Pool Cleaner Day!
It's deep autumn and you don't have a boyfriend anymore. He broke up with you after the Halloween bonfire, saying, "Let's be honest with each other. Before Christmastime, ya know? I mean, what if we bought each other gifts and all."
The deck chair is wet through your jeans. The sky is steel gray. It's cold enough out that it hurts to cry, but you came out here to the pool turned brown with a layer of leaves so you could be alone and let it all out. You didn't count on your Dad finally getting around to summoning the pool guy to gather up the leaves and seal up for the winter.
"Why your Daddy bring me out so late?" he asks you from the foot of your chair. Your face was in between your bents knees and you didn't see him coming. His name's Clarke and he's got a dark gray-white pallor, like his whole body is covered in five o'clock shadow.
"He couldn't afford it until now," you say. You sniffle. You don't hide from Clarke that you've been crying. He got to interrupt you several times last summer, when you would be straddling and kissing your boyfriend in that deckchair, the two of you dripping in your bathing suits. Now he can suffer the repercussions. The tears when the boy's all gone.
"I better get started before I end up shoveling snow outta there," Clarke says. "You go turn on the pump."
You furrow your brow. "That's your job, right Clarke?"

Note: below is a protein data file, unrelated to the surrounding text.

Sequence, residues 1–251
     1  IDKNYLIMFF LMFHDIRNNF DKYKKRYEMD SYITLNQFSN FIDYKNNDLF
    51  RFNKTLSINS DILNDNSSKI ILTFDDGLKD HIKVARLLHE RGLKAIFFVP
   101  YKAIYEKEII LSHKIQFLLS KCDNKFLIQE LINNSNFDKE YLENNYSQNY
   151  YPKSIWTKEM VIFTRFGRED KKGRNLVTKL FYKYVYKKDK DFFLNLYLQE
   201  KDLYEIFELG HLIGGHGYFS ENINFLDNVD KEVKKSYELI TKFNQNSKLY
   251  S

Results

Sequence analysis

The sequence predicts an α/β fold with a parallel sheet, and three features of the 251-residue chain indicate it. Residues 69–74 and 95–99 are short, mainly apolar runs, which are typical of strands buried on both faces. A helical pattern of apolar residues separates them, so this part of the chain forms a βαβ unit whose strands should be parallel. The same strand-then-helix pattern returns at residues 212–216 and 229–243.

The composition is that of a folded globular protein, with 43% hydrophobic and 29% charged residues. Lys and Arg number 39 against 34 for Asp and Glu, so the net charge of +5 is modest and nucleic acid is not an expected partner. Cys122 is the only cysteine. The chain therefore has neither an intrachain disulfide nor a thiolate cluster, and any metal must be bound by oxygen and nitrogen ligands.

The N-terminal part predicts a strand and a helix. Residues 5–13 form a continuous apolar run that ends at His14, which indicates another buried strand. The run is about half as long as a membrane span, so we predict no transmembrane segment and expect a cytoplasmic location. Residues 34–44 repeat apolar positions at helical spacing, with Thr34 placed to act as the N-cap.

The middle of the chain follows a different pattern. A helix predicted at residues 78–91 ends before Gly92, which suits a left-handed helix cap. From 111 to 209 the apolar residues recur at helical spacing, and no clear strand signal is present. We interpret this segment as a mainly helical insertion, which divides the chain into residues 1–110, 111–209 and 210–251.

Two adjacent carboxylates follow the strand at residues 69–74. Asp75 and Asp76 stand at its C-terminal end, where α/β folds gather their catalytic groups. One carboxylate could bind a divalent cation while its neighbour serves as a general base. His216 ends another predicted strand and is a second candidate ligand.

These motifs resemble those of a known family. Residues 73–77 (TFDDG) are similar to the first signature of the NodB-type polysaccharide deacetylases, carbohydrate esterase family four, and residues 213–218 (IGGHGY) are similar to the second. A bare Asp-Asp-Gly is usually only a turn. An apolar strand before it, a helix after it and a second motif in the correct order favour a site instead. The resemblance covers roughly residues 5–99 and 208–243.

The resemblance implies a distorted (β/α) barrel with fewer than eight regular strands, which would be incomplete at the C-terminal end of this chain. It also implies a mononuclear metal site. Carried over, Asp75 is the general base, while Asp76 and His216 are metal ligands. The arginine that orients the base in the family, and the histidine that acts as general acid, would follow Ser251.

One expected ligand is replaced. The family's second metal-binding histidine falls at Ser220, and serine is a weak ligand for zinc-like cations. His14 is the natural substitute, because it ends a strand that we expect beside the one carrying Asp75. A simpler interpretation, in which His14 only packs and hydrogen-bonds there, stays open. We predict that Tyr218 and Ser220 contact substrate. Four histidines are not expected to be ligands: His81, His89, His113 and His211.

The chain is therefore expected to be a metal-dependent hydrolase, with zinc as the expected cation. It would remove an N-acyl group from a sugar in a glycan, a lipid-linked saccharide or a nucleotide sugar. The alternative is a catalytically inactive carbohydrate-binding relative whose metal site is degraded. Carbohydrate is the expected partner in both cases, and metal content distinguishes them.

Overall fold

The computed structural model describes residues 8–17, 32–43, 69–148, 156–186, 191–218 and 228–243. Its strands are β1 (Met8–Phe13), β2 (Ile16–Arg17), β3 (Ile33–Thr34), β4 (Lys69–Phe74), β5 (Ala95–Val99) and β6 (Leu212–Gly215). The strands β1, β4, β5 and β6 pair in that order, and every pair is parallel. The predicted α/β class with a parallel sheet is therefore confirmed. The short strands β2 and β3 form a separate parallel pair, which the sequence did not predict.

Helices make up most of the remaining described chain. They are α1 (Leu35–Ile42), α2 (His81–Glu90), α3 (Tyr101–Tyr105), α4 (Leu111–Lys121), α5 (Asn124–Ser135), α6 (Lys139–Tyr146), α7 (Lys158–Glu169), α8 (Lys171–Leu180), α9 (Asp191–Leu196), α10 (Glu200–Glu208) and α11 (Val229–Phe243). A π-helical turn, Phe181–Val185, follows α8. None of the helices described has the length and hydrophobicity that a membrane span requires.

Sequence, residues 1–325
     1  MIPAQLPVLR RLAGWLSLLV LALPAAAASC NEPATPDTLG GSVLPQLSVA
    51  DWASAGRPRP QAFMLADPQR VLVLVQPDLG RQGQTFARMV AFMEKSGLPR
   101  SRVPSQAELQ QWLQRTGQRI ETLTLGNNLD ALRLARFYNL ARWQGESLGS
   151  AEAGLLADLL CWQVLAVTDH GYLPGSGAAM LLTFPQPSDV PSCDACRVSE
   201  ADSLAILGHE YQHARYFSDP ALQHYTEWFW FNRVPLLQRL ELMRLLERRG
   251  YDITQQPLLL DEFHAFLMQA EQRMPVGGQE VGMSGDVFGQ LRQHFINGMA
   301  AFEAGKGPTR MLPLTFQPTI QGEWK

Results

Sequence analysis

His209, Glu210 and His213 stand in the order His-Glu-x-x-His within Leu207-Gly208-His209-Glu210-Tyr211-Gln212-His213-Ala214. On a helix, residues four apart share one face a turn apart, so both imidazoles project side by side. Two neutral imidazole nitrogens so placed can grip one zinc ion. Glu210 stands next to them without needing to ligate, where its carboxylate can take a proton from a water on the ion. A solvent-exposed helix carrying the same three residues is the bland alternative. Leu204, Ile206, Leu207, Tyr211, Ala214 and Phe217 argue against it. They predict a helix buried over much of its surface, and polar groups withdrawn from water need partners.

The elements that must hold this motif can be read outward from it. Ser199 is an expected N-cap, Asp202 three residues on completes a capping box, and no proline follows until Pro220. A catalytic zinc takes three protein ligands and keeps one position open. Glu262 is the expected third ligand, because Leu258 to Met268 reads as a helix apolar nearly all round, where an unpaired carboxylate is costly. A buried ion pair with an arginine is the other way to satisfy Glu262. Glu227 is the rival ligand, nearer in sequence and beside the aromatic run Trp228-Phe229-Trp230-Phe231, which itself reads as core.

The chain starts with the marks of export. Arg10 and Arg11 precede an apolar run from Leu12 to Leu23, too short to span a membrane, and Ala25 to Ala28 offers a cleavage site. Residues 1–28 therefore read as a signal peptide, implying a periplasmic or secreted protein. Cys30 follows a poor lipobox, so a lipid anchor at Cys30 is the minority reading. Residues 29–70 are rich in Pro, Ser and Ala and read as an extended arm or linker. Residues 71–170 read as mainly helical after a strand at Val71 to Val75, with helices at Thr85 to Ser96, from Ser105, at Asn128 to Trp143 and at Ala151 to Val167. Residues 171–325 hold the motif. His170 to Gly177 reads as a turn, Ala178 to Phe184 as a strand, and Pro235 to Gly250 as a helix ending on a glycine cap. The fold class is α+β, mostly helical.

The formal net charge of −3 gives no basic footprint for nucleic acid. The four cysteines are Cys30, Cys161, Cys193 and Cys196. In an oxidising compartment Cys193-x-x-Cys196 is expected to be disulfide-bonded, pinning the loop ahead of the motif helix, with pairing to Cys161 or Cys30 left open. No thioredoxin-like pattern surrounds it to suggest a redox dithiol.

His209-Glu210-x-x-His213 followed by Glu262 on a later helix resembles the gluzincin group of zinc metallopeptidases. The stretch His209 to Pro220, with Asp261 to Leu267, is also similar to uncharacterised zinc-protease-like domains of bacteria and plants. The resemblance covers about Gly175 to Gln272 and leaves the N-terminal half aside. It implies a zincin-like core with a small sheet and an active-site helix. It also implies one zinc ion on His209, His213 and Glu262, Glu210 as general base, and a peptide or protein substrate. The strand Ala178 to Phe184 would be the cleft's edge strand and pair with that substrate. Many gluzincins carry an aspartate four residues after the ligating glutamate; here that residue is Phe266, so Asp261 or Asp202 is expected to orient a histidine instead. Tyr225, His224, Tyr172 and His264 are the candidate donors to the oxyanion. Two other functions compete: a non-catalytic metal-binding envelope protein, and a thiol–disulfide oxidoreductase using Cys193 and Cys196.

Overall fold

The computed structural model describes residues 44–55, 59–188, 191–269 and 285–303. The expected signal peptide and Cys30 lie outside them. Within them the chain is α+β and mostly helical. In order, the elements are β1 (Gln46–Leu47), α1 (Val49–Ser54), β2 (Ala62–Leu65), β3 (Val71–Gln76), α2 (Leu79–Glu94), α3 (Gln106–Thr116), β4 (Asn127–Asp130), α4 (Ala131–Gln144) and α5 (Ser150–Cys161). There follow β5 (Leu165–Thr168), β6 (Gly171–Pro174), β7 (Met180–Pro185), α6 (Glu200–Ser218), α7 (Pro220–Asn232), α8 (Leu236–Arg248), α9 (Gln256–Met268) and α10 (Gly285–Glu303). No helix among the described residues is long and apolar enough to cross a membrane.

He didn't hear you. "I'll get my net outta the van."
Clarke leaves, and you shrug and do as he said, turning on the pump before returning to your chair by the pool. Clarke comes back and tosses three metal rods at you, one with a net on the end. "Put that together for me?" he says. Then he goes to the rolled up pool cover and starts untying the rope holding it tight.
You get his far-reaching net into one piece and hand it to him. Then you stand by his side as he fishes bunches of leaves from the water. When he steps along the edge, you follow.
"My daughter's two years older than you," he says from silence. "Can I ask you something?"
You nod, but his eyes are on the pool. He takes your silence as assent.
"Why are you all so miserable?"
You laugh in spite of yourself. "It's not our fault," you say.
"The world's so bad to the teenage girls?" Clarke says.
"Maybe the teenage girls were just hoping for something better," you say.
Clarke hands you the net. "Grab those leaves into that pile by the side over there. I'm gonna use your bathroom."
Clarke goes into your house and leaves you floating the net just under the water's chilly surface, grabbing up leaves like schools of fish. You like what you said to Clarke. None of this is your fault. You've just been let down again.
Happy Pool Cleaner Day!